Public Health and Drinking Water News Briefs – September 12th, 2003

In the News…
Public Health and Drinking Water News Briefs

September 12, 2003

Cruise Cut Short Due to Virus Outbreak

The Regal Princess cruise ship cut its 15-day voyage short after approximately 20 percent of its passengers fell sick with the norovirus. The ship docked in New York and was met by a vessel sanitation team from the Centers for Disease Control and Prevention (CDC).

The CDC said that 301 of 1,557 passengers and 45 of the 687-member crew came down with the gastrointestinal illness. Passengers were instructed to wash their hands, avoid touching their mouths and report to the medical center if they felt sick to help contain the virus. Noroviruses symptoms usually include nausea, vomiting, diarrhea and some stomach cramping. The illness begins suddenly but is usually brief.

Princess Cruises flew two senior health officers and an extra disinfection team to the ship to help contain the virus. The Vessel Sanitation Program team from the CDC will monitor the vessel on a daily basis throughout the next cruise to ensure that the disinfection was effective.

More information regarding the Vessel Sanitation Program is available at:

EPA’s Multiyear Drinking Water Research Plan Outlines Water Research Goals

The Safe Drinking Water Act Amendments of 1996 directs EPA to conduct research to strengthen the scientific foundation for standards that limit public exposure to drinking water contaminants. The Amendments contain specific requirements for research on waterborne pathogens, such as Cryptosporidium and Norwalk virus; disinfection byproducts; arsenic; and other harmful substances in drinking water. EPA is also directed to conduct studies to identify and characterize population groups, such as children, that may be at greater risk from exposure to contaminants in drinking water than is the general population.

EPA’s multi-year plan for drinking water research establishes three long-term goals. Within the scope of this multiyear plan, EPA will:

1. By 2010, develop scientifically sound data and approaches to assess and manage risks to human health posed by exposure to regulated waterborne pathogens and chemicals, including those addressed by the Arsenic, M/DBP, and Six-Year Review Rules.

2. By 2010, develop new data, innovative tools and improved technologies to support decision-making by the Office of Water on the Contaminant Candidate List and other regulatory issues, and implementation of rules by States, local authorities and water utilities.

3. By 2009, provide data, tools and technologies to support management decisions by the Office of Water, state, local authorities and utilities to protect source water and the quality of water in the distribution system.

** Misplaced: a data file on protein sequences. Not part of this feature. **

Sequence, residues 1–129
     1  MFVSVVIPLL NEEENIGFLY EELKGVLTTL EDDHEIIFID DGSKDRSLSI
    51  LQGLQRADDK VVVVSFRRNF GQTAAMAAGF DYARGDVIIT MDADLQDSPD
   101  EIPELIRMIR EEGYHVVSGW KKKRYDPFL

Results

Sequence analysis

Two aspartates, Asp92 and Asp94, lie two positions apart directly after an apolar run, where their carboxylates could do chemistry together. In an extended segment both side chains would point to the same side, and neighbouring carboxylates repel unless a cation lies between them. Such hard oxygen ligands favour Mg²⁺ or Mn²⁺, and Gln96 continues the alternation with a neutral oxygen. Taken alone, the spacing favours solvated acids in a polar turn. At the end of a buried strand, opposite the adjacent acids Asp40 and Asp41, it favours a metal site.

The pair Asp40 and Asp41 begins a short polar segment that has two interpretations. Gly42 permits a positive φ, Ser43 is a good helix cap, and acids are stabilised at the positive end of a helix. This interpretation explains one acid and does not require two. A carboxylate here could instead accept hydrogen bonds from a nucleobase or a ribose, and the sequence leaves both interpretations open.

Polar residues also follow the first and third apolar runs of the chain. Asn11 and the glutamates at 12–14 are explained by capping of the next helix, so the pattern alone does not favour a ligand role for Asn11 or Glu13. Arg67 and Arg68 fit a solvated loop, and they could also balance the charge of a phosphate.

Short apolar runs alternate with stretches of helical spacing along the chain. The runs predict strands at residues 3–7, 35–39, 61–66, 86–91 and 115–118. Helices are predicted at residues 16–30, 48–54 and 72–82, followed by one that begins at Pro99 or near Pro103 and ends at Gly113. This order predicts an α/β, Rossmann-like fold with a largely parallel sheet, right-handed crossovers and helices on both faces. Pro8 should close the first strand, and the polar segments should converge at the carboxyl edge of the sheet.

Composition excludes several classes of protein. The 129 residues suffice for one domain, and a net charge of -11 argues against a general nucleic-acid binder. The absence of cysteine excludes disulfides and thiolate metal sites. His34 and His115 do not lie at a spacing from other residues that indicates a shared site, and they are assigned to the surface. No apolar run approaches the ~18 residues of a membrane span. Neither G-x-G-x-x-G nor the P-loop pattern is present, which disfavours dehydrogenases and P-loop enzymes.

The complete drinking water research program multi-year plan is available at: ( PDF)

Water Pollution, Terrorism and Disease Seminar for Medical and Public Health Practitioners

On October 11, 2003, the American College of Occupational and Environmental Medicine (ACOEM) will sponsor a seminar to help medical and public health practitioners evaluate water-related diseases resulting from contaminated drinking water, polluted recreational waters and intentional acts of waterborne terrorism. The seminar will be at the State-of-the-Art Conference (SOTAC 2003) in Toronto, Canada.

The course will address the special needs of people who are at increased risk from waterborne disease, the problems associated with waterborne disease in hospital settings and the increased vigilance that businesses need to ensure the safety of water used in their products and facilities. Participants will review “Recognizing Waterborne Disease and the Health Effects of Water Pollution: A Physician On-Line Reference Guide,” available at They will also participate in a “hands on” exercise that addresses how to recognize and manage an intentional water contamination terrorist event.

Detailed conference and registration information is available at:

New SARS Case Identified in Singapore

A patient in Singapore tested positive for severe acute respiratory syndrome, or SARS, according to Singapore health officials. Officials stated that it appears to be a single isolated case.

It remains a mystery how the patient, a 27-year-old laboratory technician working on the West Nile virus, contracted SARS. The patient has been isolated and people who have come in contact with the patient have been issued home quarantine orders.

Singapore’s last reported SARS case occurred in early May. Earlier this year in Singapore, 33 people died and 328 people fell ill due to SARS.

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